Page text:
Paying off debt quickly is a great idea, but for big savers, paying off debt so aggressively that you neglect retirement saving could leave you with a smaller nest egg when you retire.
The conventional wisdom
On its surface, the choice between paying off debt and investing for retirement is a simple one:
- Debt often comes with higher interest rates than you could consistently get from your investments
- Because you have to pay taxes on investment gains and the interest on most debts is not tax-deductible, your investment rate of return has to be even higher for it to become the better choice (Nb. Some of your student loan interest may be tax-deductible depending on your income)
- The interest rate on student loans is guaranteed; few investments out there can make the same claim
And for these as well as other important but intangible reasons, the right answer for most people is to prioritize debt-payoff over investing for retirement.
The big savers
The numbers get muddled when it comes to a small subset of the population — those people who, through a combination of earning and not spending, have more than $23,000 left over at the end of the year for retirements savings or paying off debt.
You could call folks in this group the big savers.
Being a big saver is great! Cutting down my spending enough to send tens of thousands of dollars toward retirement savings or debt payoff every year has been an important part of seeing my net worth jump in value very quickly!
But there’s one thing that’s not so great for big savers: sooner or later you’re gonna have to put some of that big savings into a taxable account instead of a tax-advantaged account like an IRA or a 401(k) because the total you could contribute to these for the 2014 tax year was $23,000 — $5,500 for the IRA and $17,500 for the 401(k).
(Note that it’s definitely still a good thing to put money into a taxable account; just not as great as putting it into a tax-advantaged account. Also note that the 401(k) limit has gone up to $18,000 for the 2015 tax year, but I don’t feel like changing my math.)
Could slower debt payoff make sense for big savers?
One way to avoid hitting 401(k) and IRA caps is to spread the money I send toward these accounts across as many years as possible.
And one way to spread money to retirement accounts across as many years as possible is by never focusing so aggressively on debt that you don’t contribute up to those caps.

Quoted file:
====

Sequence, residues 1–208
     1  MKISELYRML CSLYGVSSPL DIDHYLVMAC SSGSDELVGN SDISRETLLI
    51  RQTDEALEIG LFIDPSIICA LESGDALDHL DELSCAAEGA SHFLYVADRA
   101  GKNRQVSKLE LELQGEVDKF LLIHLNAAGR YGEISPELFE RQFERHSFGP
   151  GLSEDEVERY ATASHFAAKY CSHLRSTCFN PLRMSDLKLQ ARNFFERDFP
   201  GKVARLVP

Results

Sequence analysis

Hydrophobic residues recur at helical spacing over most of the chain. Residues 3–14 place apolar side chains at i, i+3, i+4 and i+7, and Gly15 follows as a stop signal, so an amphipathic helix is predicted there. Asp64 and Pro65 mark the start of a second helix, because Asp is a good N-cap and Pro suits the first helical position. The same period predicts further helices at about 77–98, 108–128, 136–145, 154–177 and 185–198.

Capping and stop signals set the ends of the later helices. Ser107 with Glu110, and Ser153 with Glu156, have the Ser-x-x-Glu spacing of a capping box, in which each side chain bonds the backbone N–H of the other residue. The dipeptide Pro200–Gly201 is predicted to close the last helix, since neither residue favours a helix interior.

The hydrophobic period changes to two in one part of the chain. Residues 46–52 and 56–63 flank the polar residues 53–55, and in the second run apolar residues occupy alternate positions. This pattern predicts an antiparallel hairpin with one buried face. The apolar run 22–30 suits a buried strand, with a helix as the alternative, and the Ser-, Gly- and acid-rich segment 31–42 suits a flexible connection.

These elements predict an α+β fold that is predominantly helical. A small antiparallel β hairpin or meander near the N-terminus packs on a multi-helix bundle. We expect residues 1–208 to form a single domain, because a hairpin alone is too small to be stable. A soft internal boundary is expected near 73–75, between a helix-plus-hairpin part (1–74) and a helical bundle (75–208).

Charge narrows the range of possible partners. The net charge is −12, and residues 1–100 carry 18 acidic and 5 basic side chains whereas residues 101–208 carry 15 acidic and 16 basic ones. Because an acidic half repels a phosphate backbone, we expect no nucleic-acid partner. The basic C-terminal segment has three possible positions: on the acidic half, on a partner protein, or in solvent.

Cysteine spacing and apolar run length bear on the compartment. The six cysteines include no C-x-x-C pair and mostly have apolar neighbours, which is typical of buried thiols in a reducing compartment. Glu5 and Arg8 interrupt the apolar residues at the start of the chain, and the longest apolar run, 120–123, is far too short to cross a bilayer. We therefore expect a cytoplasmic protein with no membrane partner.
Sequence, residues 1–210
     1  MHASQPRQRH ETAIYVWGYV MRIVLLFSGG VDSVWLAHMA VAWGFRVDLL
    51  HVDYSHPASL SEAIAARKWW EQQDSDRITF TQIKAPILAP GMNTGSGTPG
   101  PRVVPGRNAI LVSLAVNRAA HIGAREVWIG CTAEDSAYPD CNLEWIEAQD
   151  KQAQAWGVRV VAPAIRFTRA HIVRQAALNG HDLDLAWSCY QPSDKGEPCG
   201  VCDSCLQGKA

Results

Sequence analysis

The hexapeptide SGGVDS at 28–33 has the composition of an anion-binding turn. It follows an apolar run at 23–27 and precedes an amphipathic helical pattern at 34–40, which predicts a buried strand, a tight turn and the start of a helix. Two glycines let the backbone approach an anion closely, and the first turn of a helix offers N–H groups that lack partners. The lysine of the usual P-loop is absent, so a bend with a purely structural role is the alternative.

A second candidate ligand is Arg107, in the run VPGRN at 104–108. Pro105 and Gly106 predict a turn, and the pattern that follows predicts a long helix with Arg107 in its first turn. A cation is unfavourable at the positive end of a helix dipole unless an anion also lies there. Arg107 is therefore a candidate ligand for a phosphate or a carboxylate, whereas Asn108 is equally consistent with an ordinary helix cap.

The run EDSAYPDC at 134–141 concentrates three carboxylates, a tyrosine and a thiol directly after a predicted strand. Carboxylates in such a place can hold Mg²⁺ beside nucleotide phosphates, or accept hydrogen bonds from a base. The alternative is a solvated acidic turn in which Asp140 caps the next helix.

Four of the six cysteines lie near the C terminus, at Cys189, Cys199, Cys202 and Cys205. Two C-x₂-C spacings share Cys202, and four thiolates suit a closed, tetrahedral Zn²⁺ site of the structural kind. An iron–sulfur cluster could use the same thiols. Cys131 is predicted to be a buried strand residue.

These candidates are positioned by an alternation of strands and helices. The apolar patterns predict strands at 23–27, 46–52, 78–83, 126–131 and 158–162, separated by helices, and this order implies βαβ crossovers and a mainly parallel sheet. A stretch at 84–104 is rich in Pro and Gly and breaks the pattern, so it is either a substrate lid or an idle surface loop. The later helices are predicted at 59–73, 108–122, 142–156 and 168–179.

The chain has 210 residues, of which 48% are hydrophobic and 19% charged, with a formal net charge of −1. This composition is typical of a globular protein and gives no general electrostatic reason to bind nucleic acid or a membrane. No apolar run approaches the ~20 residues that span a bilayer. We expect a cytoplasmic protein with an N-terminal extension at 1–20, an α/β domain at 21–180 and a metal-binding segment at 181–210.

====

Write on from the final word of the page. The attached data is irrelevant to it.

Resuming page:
It may make sense to show this as an example.
Suppose a big saver har a starting loan balance of $120,000, with an interest rate of 7%.
Suppose further that after taxes, she has $40,000 left over each year to either pay off this debt or to invest with a long-term rate of return of 7% — with up to $23,000 of that able to go into a 401(k) or IRA. For the sake of simplicity, let’s assume that she chooses the Roth version of both the 401(k) and IRA.
Finally, suppose that investment returns made outside of a tax-advantaged account would be hit with a capital gains tax rate of 15%.
Scenario 1: Debt-focused pay-off
In this scenario, the big saver forgoes any retirement savings and sends every last penny of that $40,000 toward her student loans until they’re paid off entirely in the fourth year. Here are her payments for the first ten years:
An aggressive debt pay-off like this means she would pay $9,000 in interest over the life of the loan — not great, but less bad than it could get.
In this scenario, she wouldn’t start saving for retirement until 2018, but would put every penny toward it from then on. At the end of the ten-year period in 2024, she would have a tax-advantaged savings balance of $204,000 and a taxable savings balance of $137,000 — a total of $341,000.
Even without adding anything else to these accounts, if she were to then let that $341,000 sit for another twenty years until she was ready to retire, she’d be left with a cool $1,225,000 to live out her days. Not bad!
Scenario 2: Tax-advantaged retirement-focused pay-off
In an alternate scenario, the big saver could instead focus on contributing all the way up to the $23,000 retirement maximum right off the bat, and then send whatever’s left over of the $40,000 toward paying down her debt. Here are her payments for the first ten years:
In this scenario, she would split her money between retirement savings and debt pay-off in every one of the first ten years. Doing this, she would need all ten years to pay off her debt and would pay a whopping $56,000 in interest over that span. However, her retirement savings would look very different at the end of those ten years:
At the end of the ten-year period, she would have a tax-advantaged savings balance of $320,000 and a taxable savings balance of $15,000 — a total of $335,000. Note that this is a little bit less than the $341,000 total she ended up with after ten years in the last scenario.
However, because much of it is in tax-advantaged accounts, if she were to let that $335,000 sit for another twenty years until she was ready to retire, she’d be left with $1,288,000 to live out her days. That’s $65,000 more than when she focused on her debt first!
Moreover, this result holds even the rate of return on investments is slightly lower than the interest rate on the loans — down to 4% in this case. It’s only when the average long-term rate of return on our investments goes down to 3% that focusing first on debt pay-off becomes the more profitable option.
Want to play with the model yourself? Spreadsheet is right here:
For a very narrow subset of the population who can save enough to exhaust all the available tax-advantaged retirement options every year, they can end up with more money at retirement by not focusing aggressively on their debt and instead focusing on their retirement savings.
And all that said, does this mean that I’m going to stop paying down my debt so aggressively?